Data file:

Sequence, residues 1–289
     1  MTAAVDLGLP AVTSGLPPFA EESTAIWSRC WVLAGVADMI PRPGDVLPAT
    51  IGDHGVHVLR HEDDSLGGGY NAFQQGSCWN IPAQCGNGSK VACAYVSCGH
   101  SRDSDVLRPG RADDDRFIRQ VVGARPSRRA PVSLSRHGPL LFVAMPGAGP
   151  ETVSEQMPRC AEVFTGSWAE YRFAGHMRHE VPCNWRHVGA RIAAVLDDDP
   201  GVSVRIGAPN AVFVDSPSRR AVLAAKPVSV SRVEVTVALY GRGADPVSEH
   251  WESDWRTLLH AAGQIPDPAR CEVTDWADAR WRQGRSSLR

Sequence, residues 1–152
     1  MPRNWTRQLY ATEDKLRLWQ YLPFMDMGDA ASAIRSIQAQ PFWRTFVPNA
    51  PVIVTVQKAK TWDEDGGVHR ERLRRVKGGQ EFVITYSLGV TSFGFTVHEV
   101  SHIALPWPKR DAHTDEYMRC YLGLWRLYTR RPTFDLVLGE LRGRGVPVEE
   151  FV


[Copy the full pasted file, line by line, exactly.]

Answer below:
Sequence, residues 1–289
     1  MTAAVDLGLP AVTSGLPPFA EESTAIWSRC WVLAGVADMI PRPGDVLPAT
    51  IGDHGVHVLR HEDDSLGGGY NAFQQGSCWN IPAQCGNGSK VACAYVSCGH
   101  SRDSDVLRPG RADDDRFIRQ VVGARPSRRA PVSLSRHGPL LFVAMPGAGP
   151  ETVSEQMPRC AEVFTGSWAE YRFAGHMRHE VPCNWRHVGA RIAAVLDDDP
   201  GVSVRIGAPN AVFVDSPSRR AVLAAKPVSV SRVEVTVALY GRGADPVSEH
   251  WESDWRTLLH AAGQIPDPAR CEVTDWADAR WRQGRSSLR

Sequence, residues 1–152
     1  MPRNWTRQLY ATEDKLRLWQ YLPFMDMGDA ASAIRSIQAQ PFWRTFVPNA
    51  PVIVTVQKAK TWDEDGGVHR ERLRRVKGGQ EFVITYSLGV TSFGFTVHEV
   101  SHIALPWPKR DAHTDEYMRC YLGLWRLYTR RPTFDLVLGE LRGRGVPVEE
   151  FV